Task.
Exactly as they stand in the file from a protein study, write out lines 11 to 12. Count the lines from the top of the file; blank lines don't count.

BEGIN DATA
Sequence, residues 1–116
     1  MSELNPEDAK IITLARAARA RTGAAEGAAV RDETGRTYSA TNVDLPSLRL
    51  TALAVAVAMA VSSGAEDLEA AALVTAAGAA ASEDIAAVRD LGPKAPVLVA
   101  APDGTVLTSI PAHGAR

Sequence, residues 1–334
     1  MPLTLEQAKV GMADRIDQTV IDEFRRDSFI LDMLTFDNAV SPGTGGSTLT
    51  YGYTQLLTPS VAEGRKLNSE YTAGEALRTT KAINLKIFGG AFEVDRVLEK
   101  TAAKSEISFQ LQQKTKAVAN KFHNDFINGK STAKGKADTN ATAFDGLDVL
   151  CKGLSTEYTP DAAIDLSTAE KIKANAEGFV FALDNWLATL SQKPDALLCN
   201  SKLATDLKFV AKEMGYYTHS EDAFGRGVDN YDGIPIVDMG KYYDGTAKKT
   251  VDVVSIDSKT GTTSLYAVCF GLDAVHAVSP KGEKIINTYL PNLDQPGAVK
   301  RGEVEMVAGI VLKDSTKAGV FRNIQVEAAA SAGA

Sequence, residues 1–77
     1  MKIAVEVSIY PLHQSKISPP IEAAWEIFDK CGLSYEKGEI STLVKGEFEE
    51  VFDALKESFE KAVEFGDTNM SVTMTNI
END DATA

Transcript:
   251  VDVVSIDSKT GTTSLYAVCF GLDAVHAVSP KGEKIINTYL PNLDQPGAVK
   301  RGEVEMVAGI VLKDSTKAGV FRNIQVEAAA SAGA